japonisme in the land of the pueblo (etc.) V
"Where are the blossoms of those summers!
-- fallen, one by one;
so all of my family departed,
each in his turn,
to the land of spirits.
I am on the hilltop and
must go down into the valley;
and when Uncas follows
in my footsteps there will
no longer be any of the
blood of the Sagamores,
for my boy is
the last of the Mohicans,"
Chingachgook spoke to Hawkeye.
winold reiss grew up in germany poring over the tales of james fennimore cooper.
While Hawkeye and the Indians lighted their fire and took their evening's repast, a frugal meal of dried bear's meat, the young man paid a visit to that curtain of the dilapidated fort which looked out on the sheet of the Horican. The wind had fallen, and the waves were already rolling on the sandy beach beneath him, in a more regular and tempered succession. The clouds, as if tired of their furious chase, were breaking asunder; the heavier volumes, gathering in black masses about the horizon, while the lighter scud still hurried above the water, or eddied among the tops of the mountains, like broken flights of birds, hovering around their roosts. Here and there, a red and fiery star struggled through the drifting vapor, furnishing a lurid gleam of brightness to the dull aspect of the heavens. Within the bosom of the encircling hills, an impenetrable darkness had already settled; and the plain lay like a vast and deserted charnel-house, without omen or whisper to disturb the slumbers of its numerous and hapless tenants.
(from the last of the mohicans)
winold reiss's young heart was captivated, and he decided very early on that he would go to america to see the indians for himself, and to paint them.
and he did, but not before he developed a monumental career for himself in the arts. this cover which he did for a magazine which he helped found places him directly in the japonisme moment.
we see all of the familiar signs of the times as we have seen in the german posters we've looked at in the last few weeks, and at the american ones they inspired, and the japanese portraits of actors which had in turn inspired the germans.
the outlines, the bold patterns, the flatness and outlines, the blocks of color; the diagonal structure is not utilized, but had that moment of japonisme not happened, winold reiss would not have designed this cover the way he did.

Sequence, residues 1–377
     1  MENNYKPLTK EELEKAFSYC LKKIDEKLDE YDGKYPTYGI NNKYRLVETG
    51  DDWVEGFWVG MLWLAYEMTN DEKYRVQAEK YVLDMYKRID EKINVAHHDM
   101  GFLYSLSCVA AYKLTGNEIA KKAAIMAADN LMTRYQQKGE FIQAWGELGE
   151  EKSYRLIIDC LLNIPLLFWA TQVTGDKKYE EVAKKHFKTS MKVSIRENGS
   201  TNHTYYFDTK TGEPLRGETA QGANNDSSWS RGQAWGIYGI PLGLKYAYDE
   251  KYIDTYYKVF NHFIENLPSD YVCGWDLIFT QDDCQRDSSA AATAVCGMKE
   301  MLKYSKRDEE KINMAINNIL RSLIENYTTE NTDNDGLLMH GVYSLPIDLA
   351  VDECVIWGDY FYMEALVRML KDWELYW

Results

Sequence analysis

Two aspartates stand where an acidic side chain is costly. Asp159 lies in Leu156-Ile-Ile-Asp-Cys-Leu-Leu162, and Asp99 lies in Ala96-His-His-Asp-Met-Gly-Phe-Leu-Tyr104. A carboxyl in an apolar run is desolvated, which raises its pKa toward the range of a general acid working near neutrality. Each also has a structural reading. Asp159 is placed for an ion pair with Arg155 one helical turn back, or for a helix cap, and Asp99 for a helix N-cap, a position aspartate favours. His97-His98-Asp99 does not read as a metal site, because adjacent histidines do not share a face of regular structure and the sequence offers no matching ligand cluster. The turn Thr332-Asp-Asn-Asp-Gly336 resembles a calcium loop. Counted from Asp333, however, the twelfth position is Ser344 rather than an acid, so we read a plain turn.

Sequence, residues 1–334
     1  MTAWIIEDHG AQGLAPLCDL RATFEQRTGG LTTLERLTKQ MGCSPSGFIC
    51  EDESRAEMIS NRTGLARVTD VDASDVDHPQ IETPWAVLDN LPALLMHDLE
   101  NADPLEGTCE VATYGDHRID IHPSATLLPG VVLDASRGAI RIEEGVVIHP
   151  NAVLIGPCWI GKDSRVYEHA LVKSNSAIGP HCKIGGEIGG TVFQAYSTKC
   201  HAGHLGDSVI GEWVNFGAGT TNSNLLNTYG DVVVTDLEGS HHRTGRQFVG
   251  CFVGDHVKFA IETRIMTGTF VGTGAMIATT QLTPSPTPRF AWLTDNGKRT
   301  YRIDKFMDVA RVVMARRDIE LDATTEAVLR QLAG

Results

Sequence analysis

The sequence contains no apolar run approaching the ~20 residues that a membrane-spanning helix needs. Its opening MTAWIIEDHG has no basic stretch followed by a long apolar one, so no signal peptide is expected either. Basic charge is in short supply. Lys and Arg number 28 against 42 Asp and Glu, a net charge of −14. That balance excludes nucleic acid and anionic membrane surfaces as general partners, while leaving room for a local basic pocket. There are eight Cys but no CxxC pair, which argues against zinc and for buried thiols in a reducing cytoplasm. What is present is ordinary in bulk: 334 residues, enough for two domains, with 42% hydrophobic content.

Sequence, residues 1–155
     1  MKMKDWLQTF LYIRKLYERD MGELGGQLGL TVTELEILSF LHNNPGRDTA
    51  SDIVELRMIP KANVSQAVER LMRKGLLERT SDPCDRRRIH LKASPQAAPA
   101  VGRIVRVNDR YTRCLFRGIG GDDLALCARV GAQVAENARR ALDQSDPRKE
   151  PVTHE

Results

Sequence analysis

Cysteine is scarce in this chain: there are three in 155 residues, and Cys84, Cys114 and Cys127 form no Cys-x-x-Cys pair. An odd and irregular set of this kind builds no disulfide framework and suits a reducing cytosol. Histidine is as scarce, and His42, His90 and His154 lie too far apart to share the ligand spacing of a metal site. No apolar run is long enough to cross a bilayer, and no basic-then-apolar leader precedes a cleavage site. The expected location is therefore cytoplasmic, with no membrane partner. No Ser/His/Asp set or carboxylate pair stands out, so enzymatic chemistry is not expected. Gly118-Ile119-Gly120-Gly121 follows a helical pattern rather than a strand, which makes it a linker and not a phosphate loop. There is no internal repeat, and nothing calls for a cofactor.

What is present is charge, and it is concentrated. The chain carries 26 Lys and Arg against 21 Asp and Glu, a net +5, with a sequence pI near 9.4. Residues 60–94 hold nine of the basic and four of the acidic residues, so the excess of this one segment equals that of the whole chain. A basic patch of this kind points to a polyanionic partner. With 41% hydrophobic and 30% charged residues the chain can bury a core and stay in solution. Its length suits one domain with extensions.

In common with many other German boys whose imagination had been stirred by Fennimore Cooper's novels, Mr. Reiss had a romantic interest in the North American aborigines. He wanted above all else to paint them. But his romantic imaginings were tempered by an artistic training which demanded accurate observation of character.
And so he decided to come to America in 1913 for the express purpose of studying the North American Indian in his native habitat and also to introduce modern decorative art, which, although a flourishing and accepted style in Munich and Vienna, where it had its origin, was practically unknown in the United States. The Crillon Restaurant, which Mr. Reiss decorated in 1920, was the first demonstration of the decorative possibilities of the new style. Since that time Mr. Reiss has been one of the outstanding pioneers in introducing a modern decor which should harmonize with American architecture and express American taste. 1
While the first M.A.C. cover was self-consciously sophisticated and represented a tour-de-force of the lithographic art, the tenth (ca. 1917) shows us another, quite different, side of his artistic personality, the love of primitive natural motifs and the ability to reduce and simplify them to essential patterns of form, line, and color. The bird and flower motif becomes a signature in much of Reiss's later work small design sketch whose strong lines, squarish grids, and punctuation of broad flat surfaces with simplified decorations recall the work of Josef Hoffmann and the Vienna Secession. 2
(sounds like japonisme to me....)
cont. on page later